Help break the Cycle of social isolation

Help 'break the cycle' of social isolation, reduce anxiety and depression and introduce the benefits of cycling to our communities. We need your support and donations to continue our vital work and to support people and make a better world by bike.

The past year has been hard for everyone, especially for those who have had to face the dark months alone. This is why we need your donations to continue our vital work and continue to support people through cycling. Your generosity can make such a difference to people's mental and physical well-being. 

With Bike Week, delivered by Cycling UK, here to highlight all the wonderful difference cycling can make now is the perfect time to get involved. We begin our week of cycling celebrations with the World's Biggest Bike Ride, where you can join thousands of others who will be taking part. Any kind of cycle ride counts no matter how far you go or what your motivation is. As long as you get out and ride on 30 May, alone or with friends, if you log your journey it will count as being part of the World's Biggest Bike Ride. Plus this year we have an extra special event. England's cathedrals have teamed up with Cycling UK to help encourage cycling between cathedrals to promote greener travel and mental and physical wellbeing.  

Launching the first ever Cathedrals Cycle Route 'Relay challenge' - each cathedral will be trial blazing the route during a 42 day relay event covering almost 2000 miles and raising money. That's 42 Cathedrals, 42 Days, 42 Teams. 

Naheed's story
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Bike Week

Delivered each year by Cycling UK, in partnership in Scotland with Cycling Scotland, Bike Week encourages quarter of a million people to join in events, rethink their everyday journeys, and switch to cycling as the most convenient way to get around. Join thousands of people all across the UK and enjoy the simple pleasure of riding a bike. Let's make the world better by bike.

Bike Week is running from 30 May to 5 June 2021

World’s Biggest Bike Ride

Thousands of people of all abilities, experience and age took part in Cycling UK’s first World’s Biggest Bike Ride event on 12 September last year.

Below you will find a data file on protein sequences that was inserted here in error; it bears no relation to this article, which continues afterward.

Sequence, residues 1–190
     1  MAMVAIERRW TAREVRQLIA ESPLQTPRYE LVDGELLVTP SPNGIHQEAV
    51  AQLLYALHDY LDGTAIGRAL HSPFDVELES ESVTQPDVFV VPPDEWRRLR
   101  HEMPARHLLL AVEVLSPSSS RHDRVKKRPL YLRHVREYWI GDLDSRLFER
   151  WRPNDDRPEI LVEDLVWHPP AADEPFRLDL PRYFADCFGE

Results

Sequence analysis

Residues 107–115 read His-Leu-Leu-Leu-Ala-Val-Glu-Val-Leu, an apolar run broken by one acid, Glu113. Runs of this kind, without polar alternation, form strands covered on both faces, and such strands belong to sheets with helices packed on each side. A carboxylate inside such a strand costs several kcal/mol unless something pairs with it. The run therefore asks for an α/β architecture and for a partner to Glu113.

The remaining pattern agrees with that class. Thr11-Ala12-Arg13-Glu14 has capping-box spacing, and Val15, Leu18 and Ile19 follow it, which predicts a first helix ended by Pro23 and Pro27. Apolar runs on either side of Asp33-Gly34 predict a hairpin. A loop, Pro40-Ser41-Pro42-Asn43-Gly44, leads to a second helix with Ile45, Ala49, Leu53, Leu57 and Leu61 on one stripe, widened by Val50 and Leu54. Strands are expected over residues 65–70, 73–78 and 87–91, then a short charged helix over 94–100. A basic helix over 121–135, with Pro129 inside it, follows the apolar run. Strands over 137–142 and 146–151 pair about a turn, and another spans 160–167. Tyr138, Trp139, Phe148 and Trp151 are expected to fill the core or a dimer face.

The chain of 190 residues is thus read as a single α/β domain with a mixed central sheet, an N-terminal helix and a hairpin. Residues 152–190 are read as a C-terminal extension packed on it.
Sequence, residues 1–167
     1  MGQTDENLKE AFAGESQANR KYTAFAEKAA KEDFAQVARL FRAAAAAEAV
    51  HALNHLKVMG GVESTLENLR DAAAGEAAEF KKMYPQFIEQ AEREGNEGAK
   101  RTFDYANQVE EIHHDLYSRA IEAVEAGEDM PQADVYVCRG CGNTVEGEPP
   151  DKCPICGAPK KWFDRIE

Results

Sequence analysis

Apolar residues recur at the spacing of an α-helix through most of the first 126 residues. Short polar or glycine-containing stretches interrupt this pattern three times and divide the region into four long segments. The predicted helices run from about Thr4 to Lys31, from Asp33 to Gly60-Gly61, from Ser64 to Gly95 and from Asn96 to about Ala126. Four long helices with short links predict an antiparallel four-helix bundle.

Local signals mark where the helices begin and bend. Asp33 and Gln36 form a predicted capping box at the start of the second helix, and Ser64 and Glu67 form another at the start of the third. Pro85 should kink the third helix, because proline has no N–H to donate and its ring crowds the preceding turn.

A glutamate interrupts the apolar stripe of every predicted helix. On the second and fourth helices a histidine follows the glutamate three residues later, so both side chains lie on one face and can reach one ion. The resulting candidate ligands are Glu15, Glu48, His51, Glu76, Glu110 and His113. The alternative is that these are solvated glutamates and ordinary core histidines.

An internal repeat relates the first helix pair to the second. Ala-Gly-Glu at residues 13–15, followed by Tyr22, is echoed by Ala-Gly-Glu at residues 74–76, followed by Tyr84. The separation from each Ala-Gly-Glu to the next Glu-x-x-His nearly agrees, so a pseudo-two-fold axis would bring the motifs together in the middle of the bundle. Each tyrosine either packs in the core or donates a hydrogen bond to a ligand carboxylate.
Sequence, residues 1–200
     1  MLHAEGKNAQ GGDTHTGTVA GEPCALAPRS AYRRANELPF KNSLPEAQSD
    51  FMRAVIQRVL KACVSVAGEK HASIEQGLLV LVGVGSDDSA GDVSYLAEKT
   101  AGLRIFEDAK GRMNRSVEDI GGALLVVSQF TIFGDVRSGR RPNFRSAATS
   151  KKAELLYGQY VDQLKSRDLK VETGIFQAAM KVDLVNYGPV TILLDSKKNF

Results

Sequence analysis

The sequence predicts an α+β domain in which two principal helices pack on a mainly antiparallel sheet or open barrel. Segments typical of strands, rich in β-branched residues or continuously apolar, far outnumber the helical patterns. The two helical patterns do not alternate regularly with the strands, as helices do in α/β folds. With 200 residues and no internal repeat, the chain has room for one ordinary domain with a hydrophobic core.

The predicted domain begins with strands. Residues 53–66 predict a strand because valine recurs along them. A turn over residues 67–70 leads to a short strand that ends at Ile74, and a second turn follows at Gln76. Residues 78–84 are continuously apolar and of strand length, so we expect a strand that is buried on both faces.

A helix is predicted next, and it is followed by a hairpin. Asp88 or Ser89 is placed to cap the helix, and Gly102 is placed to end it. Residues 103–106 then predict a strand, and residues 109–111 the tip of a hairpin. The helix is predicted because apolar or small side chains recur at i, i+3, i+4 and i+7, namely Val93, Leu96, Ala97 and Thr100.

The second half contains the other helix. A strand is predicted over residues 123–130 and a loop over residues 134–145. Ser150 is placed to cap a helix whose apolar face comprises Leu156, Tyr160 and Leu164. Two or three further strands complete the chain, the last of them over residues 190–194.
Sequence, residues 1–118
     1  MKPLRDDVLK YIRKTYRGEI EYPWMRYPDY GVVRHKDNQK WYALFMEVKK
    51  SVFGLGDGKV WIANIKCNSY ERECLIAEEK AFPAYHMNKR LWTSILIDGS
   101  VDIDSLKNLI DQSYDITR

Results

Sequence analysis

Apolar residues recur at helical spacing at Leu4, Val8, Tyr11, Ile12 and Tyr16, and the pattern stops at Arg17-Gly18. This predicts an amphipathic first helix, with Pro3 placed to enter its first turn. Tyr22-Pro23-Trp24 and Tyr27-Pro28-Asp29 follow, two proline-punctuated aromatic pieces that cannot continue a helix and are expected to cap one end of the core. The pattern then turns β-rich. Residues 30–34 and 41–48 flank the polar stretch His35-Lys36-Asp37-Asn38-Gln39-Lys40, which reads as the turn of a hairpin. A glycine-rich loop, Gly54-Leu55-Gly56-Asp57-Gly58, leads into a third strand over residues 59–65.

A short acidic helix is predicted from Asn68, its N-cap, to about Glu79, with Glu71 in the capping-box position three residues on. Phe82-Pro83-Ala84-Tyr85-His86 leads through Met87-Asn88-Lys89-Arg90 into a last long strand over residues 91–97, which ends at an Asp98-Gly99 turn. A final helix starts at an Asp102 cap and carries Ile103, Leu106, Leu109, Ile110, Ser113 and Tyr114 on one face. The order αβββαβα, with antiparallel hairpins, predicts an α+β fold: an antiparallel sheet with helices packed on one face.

From roadies to mountain bikers, seasoned tourers to family groups, the fit to the not so fit, cyclists from across the country logged rides to celebrate the bike and the joy of riding. 

It's not about distance or duration, it’s about giving it a go. Any kind of cycle ride counts no matter how far you go or what your motivation is.

Together we will create the World's Biggest Bike Ride on one day!

When you join us this year why not donate, help start Bike Week with a bang and make the world better by bike! 

Cathedrals Cycle Route 'Relay challenge'

Launching this Bike Week is the first ever Cathedrals Cycle Route 'Relay challenge' - each cathedral will be trial blazing the route during a 42 day relay event covering almost 2000 miles and raising money. That's 42 Cathedrals, 42 Days, 42 Teams.  Whichever English cathedral you visit this year, you will be able to arrive by bike thanks to a unique partnership between Cycling UK, the British Pilgrimage Trust, Sustrans and the Association of English Cathedrals that will link every Church of England cathedral in a new initiative to promote greener travel and mental and physical wellbeing. It is hoped that the route will be extended to other nations of the UK in the future.

Community Cycle Clubs
Supporting people through cycling

Cycling UK’s community interventions are helping people to provide a little bit of normality in this tumultuous time.

1) In Edinburgh and the Lothians, Vie Velo is a club bringing together visually impaired and sighted cyclists to enjoy the thrill and camaraderie of tandem cycling. Established by Cycling UK, the group has continued riding where coronavirus guidance has allowed, providing a real boost to members both physically and socially. Online meet-ups have also kept people connected when riding wasn’t possible.